Studies show that toddlers and pre-schoolers who are read to every day have a larger vocabulary than those who are not read to at all. Even infants love being held and hearing the voice of their mom or dad as they read them a book.
Not only does reading enhance a child’s vocabulary, and to help them begin to understand how to read and write. Reading to your child also increases their knowledge of the world around them.
Studies also reveal that by reading to babies and toddlers, they often gain a head start in preparing then for school later on.
Read on to learn some more benefits associated with reading to your child.
Reading Develops Language Skills
Reading to your child helps further develop their language skills. Reading exposes your child to vocabulary on different topics, which means they hear words or phrases that they may not hear in their day-to-day lives.
Concentration Improves With Reading
Children have to sit still and pay attention when someone reads to them. Therefore, by reading to your child every day, your child will learn to concentrate and better sit still for longer periods. This will be very helpful when they start attending school.
Books Teach Children About the World Around Them
Reading teaches children about different topics from all around the world. There are books on topics like animals and places. In addition, there are books that help teach children important lessons or life skills such as sharing, being kind and diversity.
Imagination and Creativity Grow By Reading
Through reading, children are able to use and grow their imagination. Their minds imagine the characters, the setting and the story. This enables them to exercise their brains and become more creative.
Potty Training Pointers
Potty training can be a very stressful time for you and your child. Generally, kids are ready to potty train around age two, but for some children, it may take them until they are three or older. If your child is really struggling with the concept of potty training, it probably means they are not ready yet. It’s important to remember not to push your child before they are ready and to be patient.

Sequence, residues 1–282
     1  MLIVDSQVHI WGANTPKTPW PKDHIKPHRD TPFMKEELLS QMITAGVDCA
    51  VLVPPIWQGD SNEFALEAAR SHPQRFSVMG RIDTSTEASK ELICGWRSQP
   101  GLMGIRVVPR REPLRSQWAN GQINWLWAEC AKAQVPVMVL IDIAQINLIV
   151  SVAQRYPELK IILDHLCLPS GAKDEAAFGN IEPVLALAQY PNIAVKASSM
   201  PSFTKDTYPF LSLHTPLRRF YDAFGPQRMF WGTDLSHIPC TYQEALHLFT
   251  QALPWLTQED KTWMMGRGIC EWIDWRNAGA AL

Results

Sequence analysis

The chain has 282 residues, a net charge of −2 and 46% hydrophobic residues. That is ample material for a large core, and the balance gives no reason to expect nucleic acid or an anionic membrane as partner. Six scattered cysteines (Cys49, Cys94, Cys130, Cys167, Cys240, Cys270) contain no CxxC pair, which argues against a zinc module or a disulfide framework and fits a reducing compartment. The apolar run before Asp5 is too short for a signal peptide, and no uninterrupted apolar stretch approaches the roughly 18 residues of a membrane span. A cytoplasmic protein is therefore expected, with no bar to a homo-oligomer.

When your child is ready to start potty training, use the ideas below to help ease the process.
Use a Potty Chair
Go out and buy a potty chair. Children often feel more secure starting with a potty that is on the floor rather than one that goes top of the toilet because they are able to balance better with their feet on the floor.
The potty chair does not have to be in the bathroom. Put it in a place that is convenient to where your child spends most of their time, like their bedroom or playroom. You want it to be easily accessible.
Focus on Your Child
Watch your child very closely for the first couple of days of potty training to see when they are ready to go. You will hopefully be able to pick up cues on when they get the urge to go. It is best to start potty training when you have a couple of days off or over the weekend so you have time to focus on their training.
Create a reward system that motivates your child, but make sure that it realistic for you to sustain. Use small rewards such as stickers or a special snack. When your child goes on the potty, they get the reward. It is important that you only give a reward when they have earned it, even if they get upset.
Create a Chart
Make a chart and hang it on the wall. Use check marks or stickers to mark down when they have made progress like using the potty or letting you know that they have to go. Don’t make it too difficult to receive a check mark or a sticker, you want to make the goals easily attainable.
It is important that you give your child lots of praise throughout the potty training process. Tell them how proud you are of them and how they are doing a great job. A little positive reinforcement goes a long way.